On average, a funeral costs around $7,000 to $12,000 in the United States. The most common elements your loved ones will have to pay for include:

  • Casket or Cremation
  • Body Transportation to the Funeral Home
  • Memorial Service
  • Burial Plot
  • Headstone
  • Embalming (for Open Casket Funerals)
  • Death Certificate Fees 

When figuring out whether burial insurance is right for you, be sure to calculate the various expenses that you’ll incur when you pass. Also, keep in mind that these costs can go up over time, so you might want to add a buffer to be safe. For example, if your total today is $7,000, you may get a policy with an $8,000 or $9,000 death benefit. 

Do You or a Spouse Currently Have Life Insurance?

In many states, a spouse has to be named as the primary beneficiary of a life insurance policy. If you and or your partner already have insurance, then there is no need to add burial coverage as well. 

That being said, if only one of you has a policy, then it can be a good idea to cover the other person, just in case. For example, if one spouse has an $80,000 policy and the other doesn’t, getting burial insurance for him or her can offer financial protection for both of you. That way, if the uninsured person dies first, the survivor can cover burial expenses. 

Will Your Nest Egg Cover Funeral Costs?

Ideally, you’ll have a substantial retirement fund for your golden years. Now that you’re 70 years old, you get to enjoy that money. 

If something were to happen in the next few years, though, would you need burial insurance to cover your funeral or burial? If so, then it may be unnecessary to pay monthly premiums. 

On the flip side of things, it’s always better to get life insurance sooner rather than later. Right now, your financial situation may be looking good, but not so much in 10 years. 

However, trying to get a policy at 80 years old can be even more challenging. Be sure to run a few scenarios before making a final decision. 

Have You Talked to Your Beneficiaries?

For many people, the idea of talking about life insurance can be too off-putting. It’s never a pleasant conversation to discuss you or a loved one’s death, but it’s a necessary part of planning. If your beneficiaries don’t know that you have a policy, they can have trouble claiming the money. 

Another thing to consider is having more than one beneficiary. Once you pass, the insurance company will try to contact the first person listed. If he or she is unresponsive, then the insurer will move onto any additional beneficiaries. Naming more than one person can ensure that someone receives the money and can use it to cover your funeral costs. 

Finally, talking with your loved ones is crucial for ensuring that your wishes are met. For example, if you want most of the money to serve as an inheritance, your beneficiary needs to know that. Otherwise, he or she may use it all for your funeral and memorial service since it might feel wrong to pocket the remaining balance.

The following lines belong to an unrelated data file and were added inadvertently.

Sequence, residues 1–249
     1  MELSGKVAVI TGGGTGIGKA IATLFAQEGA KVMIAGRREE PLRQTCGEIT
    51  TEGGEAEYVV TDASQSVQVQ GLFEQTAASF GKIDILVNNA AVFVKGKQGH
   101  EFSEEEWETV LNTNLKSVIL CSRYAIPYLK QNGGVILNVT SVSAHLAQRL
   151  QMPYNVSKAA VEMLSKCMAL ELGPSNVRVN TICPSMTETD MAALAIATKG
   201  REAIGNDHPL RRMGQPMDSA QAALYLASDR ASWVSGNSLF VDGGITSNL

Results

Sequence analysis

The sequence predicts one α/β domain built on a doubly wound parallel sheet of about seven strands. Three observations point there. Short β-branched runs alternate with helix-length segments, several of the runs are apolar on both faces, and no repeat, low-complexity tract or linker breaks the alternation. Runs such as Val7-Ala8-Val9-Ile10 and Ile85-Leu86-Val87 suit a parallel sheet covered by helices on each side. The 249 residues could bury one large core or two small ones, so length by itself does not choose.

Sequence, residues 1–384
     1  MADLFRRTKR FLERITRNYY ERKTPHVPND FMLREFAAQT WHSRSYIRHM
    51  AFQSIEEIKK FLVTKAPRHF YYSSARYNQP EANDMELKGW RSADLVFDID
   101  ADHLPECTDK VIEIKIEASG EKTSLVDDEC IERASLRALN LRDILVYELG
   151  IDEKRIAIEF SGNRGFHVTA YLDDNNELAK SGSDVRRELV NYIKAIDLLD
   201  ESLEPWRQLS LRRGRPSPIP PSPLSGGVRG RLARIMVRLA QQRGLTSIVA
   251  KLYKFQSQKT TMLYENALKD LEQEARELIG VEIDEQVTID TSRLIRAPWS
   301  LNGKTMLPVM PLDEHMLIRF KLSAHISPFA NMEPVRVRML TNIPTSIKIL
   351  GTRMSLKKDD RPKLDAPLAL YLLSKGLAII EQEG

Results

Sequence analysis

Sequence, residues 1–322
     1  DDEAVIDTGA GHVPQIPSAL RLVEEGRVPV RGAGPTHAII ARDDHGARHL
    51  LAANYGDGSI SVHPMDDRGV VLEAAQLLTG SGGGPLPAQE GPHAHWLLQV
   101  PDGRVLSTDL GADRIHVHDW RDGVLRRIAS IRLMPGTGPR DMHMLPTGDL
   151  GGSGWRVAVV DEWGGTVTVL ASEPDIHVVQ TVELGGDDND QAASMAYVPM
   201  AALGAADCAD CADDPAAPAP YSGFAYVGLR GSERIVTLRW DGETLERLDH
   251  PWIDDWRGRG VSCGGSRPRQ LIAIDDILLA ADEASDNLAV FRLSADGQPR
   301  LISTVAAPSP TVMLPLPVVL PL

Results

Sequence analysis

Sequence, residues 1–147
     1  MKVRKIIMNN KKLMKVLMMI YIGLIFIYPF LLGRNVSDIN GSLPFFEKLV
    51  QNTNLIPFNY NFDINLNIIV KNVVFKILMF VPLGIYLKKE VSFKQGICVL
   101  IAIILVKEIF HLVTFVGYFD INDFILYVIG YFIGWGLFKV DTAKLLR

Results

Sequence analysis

Will You Have Outstanding Debts?

Although burial insurance is typically designed for end-of-life expenses, it can be used for anything. For example, if you still owe money on your property or you have any debts that can be passed onto a spouse, this insurance can provide financial stability for your loved ones. 

As a rule, the only debt that will pass onto family is debt shared by a spouse (i.e., a joint credit card). However, if you have a mortgage payment and your beneficiaries want to keep the house, they will have to assume ownership and continue paying it off. In that case, a higher death benefit can help ease that transition. 

Another thing to understand about debt is that it can eat away at your estate after you pass. For example, if you owe $30,000, that money can come out of probate, unless you put your funds into a trust. So, if you only have $30,000 or less to give as an inheritance, that can all be wiped out. 

If you’re worried about this problem, be sure to talk to a lawyer about options. In some cases, burial insurance can be an excellent way to get around this issue, but it’s not the only one. 

Can I Get Term or Whole Life Insurance at 70?

While burial insurance does offer some benefits, it’s not as favorable as other types of life insurance. Fortunately, your age won’t prevent you from getting coverage, as long as you find the right company. Also, keep in mind that you do have to be in excellent health, so if you’re not, then burial insurance may be the only option available. 

Here is a quick breakdown of what you can expect from whole and term life insurance at 70 and older. 

  • Term Life Insurance – most insurers will cap your term at 10 years because of your age. At first, the premiums will be relatively low, but they go up every year until the term ends. Because of this, it might not be a good option. 
  • Whole Life Insurance – the primary benefit of this policy is that it can build cash value, which can be passed onto your loved ones. For whole life insurance at 70, you also have to be in excellent health. As with term rates, however, your costs will go up as you age, so it can become prohibitively expensive for the long-term. 
  • Guaranteed Universal Life Insurance (GUL) – realistically, this is the best option outside of burial insurance. This policy works similarly to term insurance, except you’re guaranteed coverage until a certain age, rather than a set number of years. Best of all, your premiums are locked in so they don’t increase. 

Contact NextGen Life Insurance Today

Getting burial insurance for seniors over 70 is not impossible, but it can be overwhelming. Let NextGen Life Insurance help you compare rates and find the right plan for you and your loved ones. Peace of mind is just a click or call away. 

Bear in mind that some of the links in this post are affiliate links and if you go through them to make a purchase I will earn a commission. Keep in mind that I like these companies and their products because of their quality and not because of the commission I receive from your purchases. The decision is yours, and whether or not you decide to buy something is completely up to you.